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Economic Sanctions Alone Unlikely To Change Russia – OpEd

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The question of how Russia will evolve in the next decades is one of the most perplexing and at the same time central questions in modern geopolitics. Nowadays, Western leaders and analysts are preoccupied with how to influence Russia’s behavior in Eurasia. For the last four years, economic and political sanctions imposed by the West against Russia’s actions in eastern Ukraine and the Crimean Peninsula served as a major component in forcing Moscow to change its geopolitical outlook.

Sanctions and overall western pressure did work in a way: the Russian economy took a toll, poverty levels have risen, while decade-long forecasts do not augur a fine future for the country. Western pressure also stabilized the situation in Ukraine as it is unlikely that any further penetration by Russian military will take place beyond the Donbass area. The situation in Georgia is likewise stable, as Russia is seen to have reached its limit of influence, namely deployment of military bases in Abkhazia and Samachablo.

Seen from a strategic perspective, these successes are only short-term. Russia, with her military and economic potential, will use to her benefit international tensions across Eurasia. Then what should also be made to influence Russia’s behavior, knowing how loyal the Russians generally are to their authorities? Political power in the country, unlike in western countries, does not emanate from the people, but is rooted in the stable state apparatus made up from security, intelligence and army agencies.

It makes the question of influencing the Russians doubly difficult. In other words, economic problems inside the country and western pressure through sanctions are only short-term solutions. Russia’s history, however, provides some interesting insights on how the Russian state is generally susceptible to crises. The foreign policy realm is what has been crucial in causing changes in the politics of Russia and the subsequent change of political order in the country. Take the following examples.

The war with Japan in 1904-1905 ushered in the 1905 Revolution when deep internal problems began. People were revolting, workers’ soviets (councils) were created and Russia’s foreign policy decision-making process influenced. 12 years later, defeats during World War I and economic troubles caused by it, brought the 1917 February and October revolutions. Russia saw a dramatic change when the imperial pattern was substituted by a nominal workers’ government. During the Soviet Union, the war in Afghanistan was one of the defining moments in the decline of the Communist state and a major cause of its eventual disintegration.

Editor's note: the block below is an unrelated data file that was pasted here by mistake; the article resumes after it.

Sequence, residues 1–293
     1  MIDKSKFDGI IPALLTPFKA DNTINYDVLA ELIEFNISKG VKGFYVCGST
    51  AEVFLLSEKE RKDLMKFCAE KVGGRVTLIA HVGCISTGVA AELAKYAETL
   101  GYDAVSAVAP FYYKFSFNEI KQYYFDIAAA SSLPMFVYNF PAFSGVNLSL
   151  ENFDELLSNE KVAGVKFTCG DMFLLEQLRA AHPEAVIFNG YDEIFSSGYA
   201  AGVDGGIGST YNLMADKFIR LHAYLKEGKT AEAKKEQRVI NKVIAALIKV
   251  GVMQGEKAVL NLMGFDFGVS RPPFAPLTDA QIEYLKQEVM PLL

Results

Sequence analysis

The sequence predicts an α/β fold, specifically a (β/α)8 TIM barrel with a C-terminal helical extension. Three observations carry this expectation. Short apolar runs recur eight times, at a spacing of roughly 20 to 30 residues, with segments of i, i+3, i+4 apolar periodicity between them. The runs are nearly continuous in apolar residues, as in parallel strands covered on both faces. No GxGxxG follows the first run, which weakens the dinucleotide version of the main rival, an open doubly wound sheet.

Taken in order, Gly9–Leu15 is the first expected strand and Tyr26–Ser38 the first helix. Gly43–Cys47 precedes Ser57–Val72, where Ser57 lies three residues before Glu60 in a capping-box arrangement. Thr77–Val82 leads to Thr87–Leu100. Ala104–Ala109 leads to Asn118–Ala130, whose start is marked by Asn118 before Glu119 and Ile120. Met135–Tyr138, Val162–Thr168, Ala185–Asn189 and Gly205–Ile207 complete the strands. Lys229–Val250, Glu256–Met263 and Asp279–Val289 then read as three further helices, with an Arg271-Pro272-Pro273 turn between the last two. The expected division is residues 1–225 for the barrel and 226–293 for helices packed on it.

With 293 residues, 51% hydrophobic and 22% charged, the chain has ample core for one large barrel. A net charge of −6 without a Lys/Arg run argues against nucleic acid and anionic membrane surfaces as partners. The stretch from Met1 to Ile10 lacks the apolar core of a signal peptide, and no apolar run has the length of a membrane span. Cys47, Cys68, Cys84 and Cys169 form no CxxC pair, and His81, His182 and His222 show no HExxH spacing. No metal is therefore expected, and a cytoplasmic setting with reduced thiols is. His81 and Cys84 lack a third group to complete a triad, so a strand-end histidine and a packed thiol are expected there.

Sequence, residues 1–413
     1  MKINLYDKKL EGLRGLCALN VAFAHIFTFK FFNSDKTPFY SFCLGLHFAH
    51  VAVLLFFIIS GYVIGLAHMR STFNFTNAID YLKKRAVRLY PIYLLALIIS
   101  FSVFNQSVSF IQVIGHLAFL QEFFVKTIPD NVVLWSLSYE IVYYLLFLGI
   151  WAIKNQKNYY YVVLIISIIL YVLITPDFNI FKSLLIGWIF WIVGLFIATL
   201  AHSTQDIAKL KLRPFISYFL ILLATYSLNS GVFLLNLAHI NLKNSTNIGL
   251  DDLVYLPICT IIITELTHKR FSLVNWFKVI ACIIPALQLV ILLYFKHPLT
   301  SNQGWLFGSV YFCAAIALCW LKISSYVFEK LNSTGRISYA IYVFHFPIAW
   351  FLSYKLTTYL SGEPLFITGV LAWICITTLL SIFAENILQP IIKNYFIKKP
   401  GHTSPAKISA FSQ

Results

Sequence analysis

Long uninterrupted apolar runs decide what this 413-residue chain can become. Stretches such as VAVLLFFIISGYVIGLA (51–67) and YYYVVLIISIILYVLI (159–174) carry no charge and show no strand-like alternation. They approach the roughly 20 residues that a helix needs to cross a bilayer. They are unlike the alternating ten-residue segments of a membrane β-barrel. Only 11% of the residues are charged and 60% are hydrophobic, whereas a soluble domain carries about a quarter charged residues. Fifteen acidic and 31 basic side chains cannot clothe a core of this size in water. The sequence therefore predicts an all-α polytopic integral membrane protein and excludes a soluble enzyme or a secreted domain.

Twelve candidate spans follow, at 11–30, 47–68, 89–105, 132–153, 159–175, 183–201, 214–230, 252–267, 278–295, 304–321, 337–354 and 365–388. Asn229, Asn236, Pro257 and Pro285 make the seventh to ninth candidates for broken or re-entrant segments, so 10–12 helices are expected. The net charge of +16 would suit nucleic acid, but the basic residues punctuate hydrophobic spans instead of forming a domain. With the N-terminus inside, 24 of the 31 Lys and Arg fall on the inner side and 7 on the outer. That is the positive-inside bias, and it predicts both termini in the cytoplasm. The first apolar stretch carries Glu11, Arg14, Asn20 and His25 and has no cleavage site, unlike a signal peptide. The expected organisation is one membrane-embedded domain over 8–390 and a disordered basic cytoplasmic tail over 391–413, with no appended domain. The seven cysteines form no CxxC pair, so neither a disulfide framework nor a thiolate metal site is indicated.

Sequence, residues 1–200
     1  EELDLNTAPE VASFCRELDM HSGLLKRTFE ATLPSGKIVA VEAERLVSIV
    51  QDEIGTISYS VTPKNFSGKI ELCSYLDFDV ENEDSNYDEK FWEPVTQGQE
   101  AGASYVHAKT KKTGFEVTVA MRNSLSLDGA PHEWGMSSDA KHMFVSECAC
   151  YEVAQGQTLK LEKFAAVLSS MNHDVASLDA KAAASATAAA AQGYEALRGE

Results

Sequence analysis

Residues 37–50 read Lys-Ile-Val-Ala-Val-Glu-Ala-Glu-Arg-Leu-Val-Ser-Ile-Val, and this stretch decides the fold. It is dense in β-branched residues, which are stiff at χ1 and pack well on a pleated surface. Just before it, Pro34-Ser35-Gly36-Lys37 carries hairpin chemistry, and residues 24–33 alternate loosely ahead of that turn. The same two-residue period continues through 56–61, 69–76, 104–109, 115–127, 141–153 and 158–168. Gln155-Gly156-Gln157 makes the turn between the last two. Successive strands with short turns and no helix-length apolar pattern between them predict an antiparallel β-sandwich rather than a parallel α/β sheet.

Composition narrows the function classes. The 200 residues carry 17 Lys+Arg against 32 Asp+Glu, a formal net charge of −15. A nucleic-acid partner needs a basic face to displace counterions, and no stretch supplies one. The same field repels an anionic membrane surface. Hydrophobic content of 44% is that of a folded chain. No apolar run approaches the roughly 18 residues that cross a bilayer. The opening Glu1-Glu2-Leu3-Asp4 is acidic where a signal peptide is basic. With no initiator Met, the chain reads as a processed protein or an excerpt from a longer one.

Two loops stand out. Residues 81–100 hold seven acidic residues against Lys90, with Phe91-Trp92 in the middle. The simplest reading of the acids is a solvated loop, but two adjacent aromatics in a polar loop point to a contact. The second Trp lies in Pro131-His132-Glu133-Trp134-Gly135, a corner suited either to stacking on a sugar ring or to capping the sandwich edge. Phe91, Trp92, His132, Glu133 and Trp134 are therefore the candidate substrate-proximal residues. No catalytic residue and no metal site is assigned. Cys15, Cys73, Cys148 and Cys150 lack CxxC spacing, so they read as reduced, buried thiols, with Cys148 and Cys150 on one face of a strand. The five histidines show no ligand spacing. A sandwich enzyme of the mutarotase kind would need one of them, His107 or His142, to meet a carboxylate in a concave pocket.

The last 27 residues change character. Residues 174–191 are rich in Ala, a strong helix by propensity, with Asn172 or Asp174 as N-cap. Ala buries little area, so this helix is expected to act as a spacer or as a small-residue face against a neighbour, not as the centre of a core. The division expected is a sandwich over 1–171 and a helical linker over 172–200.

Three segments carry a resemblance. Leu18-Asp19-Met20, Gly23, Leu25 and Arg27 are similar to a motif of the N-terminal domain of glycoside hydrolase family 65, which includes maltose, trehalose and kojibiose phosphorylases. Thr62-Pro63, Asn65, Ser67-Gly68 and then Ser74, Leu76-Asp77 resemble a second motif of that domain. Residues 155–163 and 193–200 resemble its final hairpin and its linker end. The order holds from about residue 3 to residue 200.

True that in all the above cases Russia’s internal economic and social troubles played an important role, but it is direct foreign military pressure that has been instrumental to causing reverberations in Russia. Although this pattern might relate to most big geopolitical players, the Russian case is different. I mentioned above how loyal the Russians have been to their rulers throughout history – it is a part of the Russian mindset and not necessarily wrong in concept.

This brings to mind current geopolitical circumstances in and around Russia. The current crisis between Russia and the West, the product of many fundamental geopolitical differences in both the former Soviet space and elsewhere, will remain unabated at least for the coming years. Moreover, the successful western expansion into what was always considered the “Russian backyard” halted Moscow’s projection of power and diminished its reach to the north of Eurasia, between fast-developing China, Japan, and other Asian countries and the technologically modern European landmass.

However, overall, this might not be enough to dramatically influence Russia’s behavior. Protracted Russian military involvement in foreign countries is what the Russians fear most. Westerners hoped that the Russian troops would be bogged down in Syria: it did not happen. Similarly, many thought Ukraine might have turned into the major battleground, but it does not seem so. NATO’s expansion might seem a fundamental issue to Russia, but it is unlikely that there a major military confrontation will come to pass between the two.

Thus we may conclude that nowadays, we see how much Russia has lost throughout the last several decades in the former Soviet space. But internal problems alone do not suffice for changes in Russia’s geopolitical outlook. In fact, Russian history shows that foreign military pressure is fundamental, and this is the one thing Russia is not facing right now.

This article was published by Georgia Today.


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